This profile was prepared when Megan Marcus was elected to the Ashoka Fellowship in .
The New Idea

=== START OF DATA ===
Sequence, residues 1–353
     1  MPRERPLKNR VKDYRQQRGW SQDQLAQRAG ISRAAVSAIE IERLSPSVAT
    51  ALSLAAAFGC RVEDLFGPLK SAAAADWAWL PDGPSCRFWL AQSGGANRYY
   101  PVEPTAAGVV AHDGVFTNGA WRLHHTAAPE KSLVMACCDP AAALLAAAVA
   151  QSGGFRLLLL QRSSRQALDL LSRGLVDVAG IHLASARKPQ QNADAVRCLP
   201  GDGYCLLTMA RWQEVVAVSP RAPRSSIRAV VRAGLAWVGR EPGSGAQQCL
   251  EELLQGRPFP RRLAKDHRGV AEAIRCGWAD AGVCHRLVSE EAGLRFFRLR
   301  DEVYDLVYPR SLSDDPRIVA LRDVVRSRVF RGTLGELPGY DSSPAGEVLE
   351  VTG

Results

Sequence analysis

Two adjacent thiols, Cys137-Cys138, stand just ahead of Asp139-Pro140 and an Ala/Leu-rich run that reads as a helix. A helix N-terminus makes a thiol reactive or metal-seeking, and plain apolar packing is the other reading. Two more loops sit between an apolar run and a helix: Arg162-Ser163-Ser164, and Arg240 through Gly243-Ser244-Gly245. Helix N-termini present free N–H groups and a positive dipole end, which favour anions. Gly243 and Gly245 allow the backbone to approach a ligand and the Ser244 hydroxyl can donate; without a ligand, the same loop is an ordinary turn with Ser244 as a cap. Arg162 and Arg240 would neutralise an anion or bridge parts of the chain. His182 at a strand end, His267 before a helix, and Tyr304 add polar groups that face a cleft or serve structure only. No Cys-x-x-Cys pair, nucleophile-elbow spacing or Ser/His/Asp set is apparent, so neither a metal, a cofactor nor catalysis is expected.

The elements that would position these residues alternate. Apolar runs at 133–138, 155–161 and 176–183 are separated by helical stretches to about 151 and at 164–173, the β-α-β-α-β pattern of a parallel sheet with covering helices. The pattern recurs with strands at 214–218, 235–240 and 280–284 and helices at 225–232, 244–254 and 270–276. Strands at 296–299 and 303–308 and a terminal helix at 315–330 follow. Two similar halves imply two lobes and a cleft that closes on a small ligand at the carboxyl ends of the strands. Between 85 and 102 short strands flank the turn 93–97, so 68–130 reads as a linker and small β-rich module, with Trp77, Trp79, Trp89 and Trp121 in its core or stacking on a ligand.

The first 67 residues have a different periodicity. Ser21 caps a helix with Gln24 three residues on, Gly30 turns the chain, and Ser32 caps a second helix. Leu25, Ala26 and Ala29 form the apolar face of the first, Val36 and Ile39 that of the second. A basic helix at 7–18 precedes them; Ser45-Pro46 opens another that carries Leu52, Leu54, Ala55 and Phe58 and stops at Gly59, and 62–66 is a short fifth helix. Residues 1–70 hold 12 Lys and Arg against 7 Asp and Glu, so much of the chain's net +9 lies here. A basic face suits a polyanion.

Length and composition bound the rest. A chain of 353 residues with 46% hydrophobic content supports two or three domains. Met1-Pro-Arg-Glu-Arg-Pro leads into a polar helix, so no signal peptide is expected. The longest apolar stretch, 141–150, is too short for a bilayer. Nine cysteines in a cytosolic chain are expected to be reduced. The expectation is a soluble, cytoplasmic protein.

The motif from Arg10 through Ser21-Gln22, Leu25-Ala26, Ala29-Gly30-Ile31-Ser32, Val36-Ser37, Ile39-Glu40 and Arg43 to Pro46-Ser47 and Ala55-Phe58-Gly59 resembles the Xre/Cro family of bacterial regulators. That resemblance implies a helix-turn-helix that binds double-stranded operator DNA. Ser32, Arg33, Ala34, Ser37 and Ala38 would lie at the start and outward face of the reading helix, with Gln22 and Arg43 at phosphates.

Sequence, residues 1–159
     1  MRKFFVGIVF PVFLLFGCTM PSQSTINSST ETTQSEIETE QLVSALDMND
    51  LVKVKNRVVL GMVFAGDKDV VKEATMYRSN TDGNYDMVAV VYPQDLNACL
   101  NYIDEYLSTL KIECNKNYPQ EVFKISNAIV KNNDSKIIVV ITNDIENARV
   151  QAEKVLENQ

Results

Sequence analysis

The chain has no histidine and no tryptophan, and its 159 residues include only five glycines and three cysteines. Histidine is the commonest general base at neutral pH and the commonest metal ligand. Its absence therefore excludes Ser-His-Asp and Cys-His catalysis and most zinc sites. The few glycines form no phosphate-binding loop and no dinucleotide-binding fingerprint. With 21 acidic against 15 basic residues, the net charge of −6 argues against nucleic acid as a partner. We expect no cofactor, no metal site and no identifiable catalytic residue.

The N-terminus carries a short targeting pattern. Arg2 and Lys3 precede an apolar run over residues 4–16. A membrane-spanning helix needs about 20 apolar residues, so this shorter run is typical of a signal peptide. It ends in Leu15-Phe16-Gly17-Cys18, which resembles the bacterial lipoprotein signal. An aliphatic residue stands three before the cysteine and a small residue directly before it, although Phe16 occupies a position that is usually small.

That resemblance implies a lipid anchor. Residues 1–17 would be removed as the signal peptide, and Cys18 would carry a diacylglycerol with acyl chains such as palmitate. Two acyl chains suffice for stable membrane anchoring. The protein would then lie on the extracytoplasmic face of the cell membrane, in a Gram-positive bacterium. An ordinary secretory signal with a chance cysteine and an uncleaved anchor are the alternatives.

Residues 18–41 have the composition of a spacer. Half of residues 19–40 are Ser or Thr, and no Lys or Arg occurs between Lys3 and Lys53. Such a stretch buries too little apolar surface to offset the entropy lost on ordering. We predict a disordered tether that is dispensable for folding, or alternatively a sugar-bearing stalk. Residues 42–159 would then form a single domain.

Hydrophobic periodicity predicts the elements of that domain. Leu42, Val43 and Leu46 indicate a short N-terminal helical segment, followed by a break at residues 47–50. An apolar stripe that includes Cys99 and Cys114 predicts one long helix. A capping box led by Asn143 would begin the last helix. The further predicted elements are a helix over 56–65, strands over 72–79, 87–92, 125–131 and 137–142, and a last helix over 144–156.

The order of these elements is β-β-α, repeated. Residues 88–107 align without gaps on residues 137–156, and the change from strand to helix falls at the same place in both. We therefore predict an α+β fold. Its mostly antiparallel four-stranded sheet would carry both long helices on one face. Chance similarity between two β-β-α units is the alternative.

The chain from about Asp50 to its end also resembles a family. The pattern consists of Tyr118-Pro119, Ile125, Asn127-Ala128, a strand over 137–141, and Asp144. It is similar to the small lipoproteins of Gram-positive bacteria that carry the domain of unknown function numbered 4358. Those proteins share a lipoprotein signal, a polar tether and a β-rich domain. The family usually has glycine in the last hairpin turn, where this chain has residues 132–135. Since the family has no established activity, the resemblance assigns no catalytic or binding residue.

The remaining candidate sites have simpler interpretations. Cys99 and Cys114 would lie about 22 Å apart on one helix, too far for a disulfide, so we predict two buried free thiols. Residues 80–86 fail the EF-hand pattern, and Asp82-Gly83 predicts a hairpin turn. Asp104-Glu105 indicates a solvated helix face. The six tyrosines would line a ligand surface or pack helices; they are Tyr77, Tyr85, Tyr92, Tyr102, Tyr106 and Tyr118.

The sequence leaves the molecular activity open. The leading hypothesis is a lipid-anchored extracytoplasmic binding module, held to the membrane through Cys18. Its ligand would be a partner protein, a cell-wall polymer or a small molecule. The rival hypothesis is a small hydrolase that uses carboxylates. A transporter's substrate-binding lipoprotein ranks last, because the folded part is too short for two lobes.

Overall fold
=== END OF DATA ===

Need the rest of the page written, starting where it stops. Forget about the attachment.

Considering the fact that teachers spend more time with children than even the best parents can, Megan Marcus insists that there is something very wrong with how little we as an American society are prioritizing the emotional intelligence of educators. There is overwhelming evidence that the brain is a social organ that grows in positive social relationships such as friendships and marriages. It is no wonder then that teachers are the most important school-based factor in a student’s education and the teacher-student relationship is absolutely vital to growth, curiosity, and enthusiasm for learning. Children - especially those growing up in stressful, traumatic, or insecure environments and who experience a state of stress that impedes learning capacities before even entering the classroom - need teachers who can emotionally attach to them. But our training of and demands on teachers make this nearly impossible. Teachers are exclusively taught lesson planning, differentiation, and content. Nowhere are they encouraged to develop basic communication skills or explore their own interpersonal style, emotional health, or triggers, although these factors may have just as much impact on student learning as content knowledge and pedagogy. At present, customer service and sales representatives in the U.S. are more likely to get active listening training than teachers. This, Megan claims, “is pathetic and scary on a societal level.”Megan’s work with FuelEd shows that there is a way to integrate the development of interpersonal skills, self-awareness, and emotional wellbeing into teachers’ training and professional experience. Over the last three years, FuelEd’s 12-month programs and intensive short courses have directly benefited hundreds of educators and school administrators across some of the largest school districts in the country. Armed with feedback from participants, Megan can now prove that intervening in teachers’ social and emotional capacities directly and positively affects students’ academic, social, and emotional outcomes, not to mention teachers’ own job satisfaction, and retention. Going forward, the FuelEd team is distilling its most effective content and interventions and piloting a blended-learning approach to empower graduates of the FuelEd program to transform their own school and, through their examples, educator preparation and performance more broadly.